Sadness alert: Showtime's strongest comedy series, "United States of Tara," will take a significantly dark turn in the second half of this season. Thankfully, its quirky brand of humor remains intact, making the series as compellingly schizophrenic as its lead character is.

Sadness alert: Showtime's strongest comedy series, "United States of Tara," will take a significantly dark turn in the second half of this season. Thankfully, its quirky brand of humor remains intact, making the series as compellingly schizophrenic as its lead character is.

It's an interesting combination of emotions that could polarize fans. Some may feel it's some of the series' finest, while others will be turned off by the deviation. Having seen the entire season, I'm a proponent of this shift.

The show has always kept a good balance between the inherent drama associated with Tara's (Toni Collette in I-want-my-Emmy-back mode) dissociative identity disorder and wonderful moments of levity.

And Season 3 has presented many of those moments: Neil (Patton Oswalt) giving his daughter the middle name "Wheels" - quotation marks and all - because he wants her to be fast, Max's (John Corbett) incorrect OrgaLawn uniform that says his name is "Greg Maxson," Marshall's (Keir Gilchrist) self-deprecating quips and Kate's (Brie Larson) teddy-bear dress.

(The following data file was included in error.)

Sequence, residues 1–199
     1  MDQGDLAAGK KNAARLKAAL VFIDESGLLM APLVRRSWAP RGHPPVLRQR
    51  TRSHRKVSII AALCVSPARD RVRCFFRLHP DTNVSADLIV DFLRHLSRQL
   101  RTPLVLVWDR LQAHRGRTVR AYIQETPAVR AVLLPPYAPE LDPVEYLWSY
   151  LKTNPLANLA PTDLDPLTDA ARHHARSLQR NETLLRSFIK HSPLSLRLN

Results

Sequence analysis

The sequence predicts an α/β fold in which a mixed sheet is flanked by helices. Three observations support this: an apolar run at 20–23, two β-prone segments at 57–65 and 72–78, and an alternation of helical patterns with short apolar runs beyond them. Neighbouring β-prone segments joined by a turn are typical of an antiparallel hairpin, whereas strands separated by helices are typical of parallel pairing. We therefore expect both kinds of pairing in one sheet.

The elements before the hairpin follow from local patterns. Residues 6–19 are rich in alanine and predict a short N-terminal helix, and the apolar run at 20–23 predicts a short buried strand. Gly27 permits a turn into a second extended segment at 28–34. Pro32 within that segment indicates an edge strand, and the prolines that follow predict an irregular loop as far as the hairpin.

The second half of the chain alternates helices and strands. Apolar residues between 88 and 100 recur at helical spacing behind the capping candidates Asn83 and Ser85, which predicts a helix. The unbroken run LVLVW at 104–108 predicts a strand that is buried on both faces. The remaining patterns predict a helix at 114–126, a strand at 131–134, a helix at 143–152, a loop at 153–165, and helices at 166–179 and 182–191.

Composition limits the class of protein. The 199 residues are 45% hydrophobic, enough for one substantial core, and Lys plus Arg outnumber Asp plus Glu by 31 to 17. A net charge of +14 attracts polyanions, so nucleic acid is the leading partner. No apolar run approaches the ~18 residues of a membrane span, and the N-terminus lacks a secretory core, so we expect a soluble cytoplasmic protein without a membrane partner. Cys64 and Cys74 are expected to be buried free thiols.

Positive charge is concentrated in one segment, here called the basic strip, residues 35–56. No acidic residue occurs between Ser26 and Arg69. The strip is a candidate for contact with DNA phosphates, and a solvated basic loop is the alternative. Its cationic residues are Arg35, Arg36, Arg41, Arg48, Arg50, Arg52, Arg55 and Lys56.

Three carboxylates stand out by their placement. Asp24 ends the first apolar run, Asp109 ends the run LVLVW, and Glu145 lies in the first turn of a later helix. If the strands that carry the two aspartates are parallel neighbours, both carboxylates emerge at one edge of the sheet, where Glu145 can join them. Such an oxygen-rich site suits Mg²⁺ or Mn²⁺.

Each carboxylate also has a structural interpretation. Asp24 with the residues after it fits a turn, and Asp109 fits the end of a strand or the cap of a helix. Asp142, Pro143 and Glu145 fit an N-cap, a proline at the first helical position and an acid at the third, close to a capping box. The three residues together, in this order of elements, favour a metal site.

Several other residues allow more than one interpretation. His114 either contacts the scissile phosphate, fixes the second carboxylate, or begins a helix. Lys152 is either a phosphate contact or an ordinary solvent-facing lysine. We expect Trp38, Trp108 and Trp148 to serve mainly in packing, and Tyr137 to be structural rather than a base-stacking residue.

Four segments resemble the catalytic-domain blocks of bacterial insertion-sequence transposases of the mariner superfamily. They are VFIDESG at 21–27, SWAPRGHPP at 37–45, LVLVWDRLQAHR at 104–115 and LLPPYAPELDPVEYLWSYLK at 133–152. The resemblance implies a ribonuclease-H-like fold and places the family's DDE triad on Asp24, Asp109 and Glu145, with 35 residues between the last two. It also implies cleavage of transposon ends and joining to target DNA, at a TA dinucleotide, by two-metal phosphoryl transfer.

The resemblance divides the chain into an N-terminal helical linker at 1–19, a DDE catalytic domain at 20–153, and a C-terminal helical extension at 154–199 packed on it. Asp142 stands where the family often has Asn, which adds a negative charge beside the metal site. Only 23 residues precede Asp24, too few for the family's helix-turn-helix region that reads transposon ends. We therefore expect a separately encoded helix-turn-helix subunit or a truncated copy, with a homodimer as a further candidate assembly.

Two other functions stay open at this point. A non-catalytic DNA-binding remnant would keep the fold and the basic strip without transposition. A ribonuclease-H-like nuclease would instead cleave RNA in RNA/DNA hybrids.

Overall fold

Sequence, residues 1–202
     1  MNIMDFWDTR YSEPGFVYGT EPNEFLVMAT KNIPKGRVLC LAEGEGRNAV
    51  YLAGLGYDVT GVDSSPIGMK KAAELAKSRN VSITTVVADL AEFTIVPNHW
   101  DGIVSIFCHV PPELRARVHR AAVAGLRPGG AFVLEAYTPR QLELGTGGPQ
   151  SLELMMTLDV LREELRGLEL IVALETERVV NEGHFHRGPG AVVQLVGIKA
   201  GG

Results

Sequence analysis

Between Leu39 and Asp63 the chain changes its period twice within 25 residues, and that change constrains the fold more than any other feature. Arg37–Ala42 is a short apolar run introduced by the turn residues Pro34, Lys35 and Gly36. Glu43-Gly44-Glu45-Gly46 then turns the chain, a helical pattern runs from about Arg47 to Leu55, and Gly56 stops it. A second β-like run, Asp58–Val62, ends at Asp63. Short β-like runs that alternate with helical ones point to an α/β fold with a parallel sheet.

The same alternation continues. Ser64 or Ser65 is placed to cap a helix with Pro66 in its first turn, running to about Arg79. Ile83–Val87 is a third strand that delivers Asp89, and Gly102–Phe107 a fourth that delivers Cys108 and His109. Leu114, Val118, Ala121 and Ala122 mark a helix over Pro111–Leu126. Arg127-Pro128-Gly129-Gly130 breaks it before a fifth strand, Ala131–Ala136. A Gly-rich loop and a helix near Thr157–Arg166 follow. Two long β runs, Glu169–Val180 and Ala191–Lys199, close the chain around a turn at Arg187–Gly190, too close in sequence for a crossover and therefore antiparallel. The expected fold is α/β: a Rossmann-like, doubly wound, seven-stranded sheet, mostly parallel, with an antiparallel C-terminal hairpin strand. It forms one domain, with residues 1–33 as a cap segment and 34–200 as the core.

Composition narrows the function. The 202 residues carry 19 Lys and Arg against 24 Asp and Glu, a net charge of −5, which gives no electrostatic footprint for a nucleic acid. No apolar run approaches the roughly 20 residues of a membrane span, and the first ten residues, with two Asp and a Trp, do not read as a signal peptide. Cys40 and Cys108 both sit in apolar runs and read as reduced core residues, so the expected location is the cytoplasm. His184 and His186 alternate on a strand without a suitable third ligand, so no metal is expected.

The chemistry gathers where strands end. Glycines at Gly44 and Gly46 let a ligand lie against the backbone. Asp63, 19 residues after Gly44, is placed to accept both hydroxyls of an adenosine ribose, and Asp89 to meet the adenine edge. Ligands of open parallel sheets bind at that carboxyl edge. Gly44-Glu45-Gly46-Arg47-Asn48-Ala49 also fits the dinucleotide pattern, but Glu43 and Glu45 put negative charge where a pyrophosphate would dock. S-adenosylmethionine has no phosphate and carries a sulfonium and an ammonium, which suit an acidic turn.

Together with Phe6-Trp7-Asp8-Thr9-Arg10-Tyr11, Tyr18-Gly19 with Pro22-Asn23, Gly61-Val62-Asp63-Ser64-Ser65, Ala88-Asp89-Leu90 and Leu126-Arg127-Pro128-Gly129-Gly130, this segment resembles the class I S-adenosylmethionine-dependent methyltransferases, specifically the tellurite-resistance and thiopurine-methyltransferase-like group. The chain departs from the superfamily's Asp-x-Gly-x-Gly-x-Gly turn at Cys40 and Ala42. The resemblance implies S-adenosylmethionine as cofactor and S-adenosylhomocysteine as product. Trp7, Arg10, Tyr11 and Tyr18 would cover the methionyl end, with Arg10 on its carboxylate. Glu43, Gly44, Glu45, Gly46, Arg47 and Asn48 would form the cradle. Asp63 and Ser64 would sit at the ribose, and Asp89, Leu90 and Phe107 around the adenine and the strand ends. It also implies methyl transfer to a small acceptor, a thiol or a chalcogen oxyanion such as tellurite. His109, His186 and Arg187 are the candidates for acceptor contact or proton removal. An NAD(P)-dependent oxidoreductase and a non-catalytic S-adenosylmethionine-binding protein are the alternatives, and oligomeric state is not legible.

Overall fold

Even Tara, her alter egos and psychologist Dr. Hatteras (Eddie Izzard) contribute some humor, but it all - except Kate's fabulous fashion sense - emanates from a family being torn apart by a mother's psychosis.

So the emergence of a new alter ego - who says the cryptic line, "You will not win," in the most recent episode - marks a sinister, and occasionally downright horrific, twist on the season.

As Tara and Hatteras work to expel her alters, even though Hatteras doesn't believe in D.I.D., things become very messy for the two of them.

Hattaras' no-nonsense approach means Tara and her family must fully recognize that she is crazy, and when the good doctor tells Max she may never get better, he's clearly crushed. He'd always known it was a possibility; it just never seemed as destructive as it does here.

Tara's downward spiral creates excellent material for Collette, Izzard and Corbett, but it's very uncharacteristic of a "comedy" - so much so that it takes those excellent bits of humor to remind me that's what "United States of Tara" really is.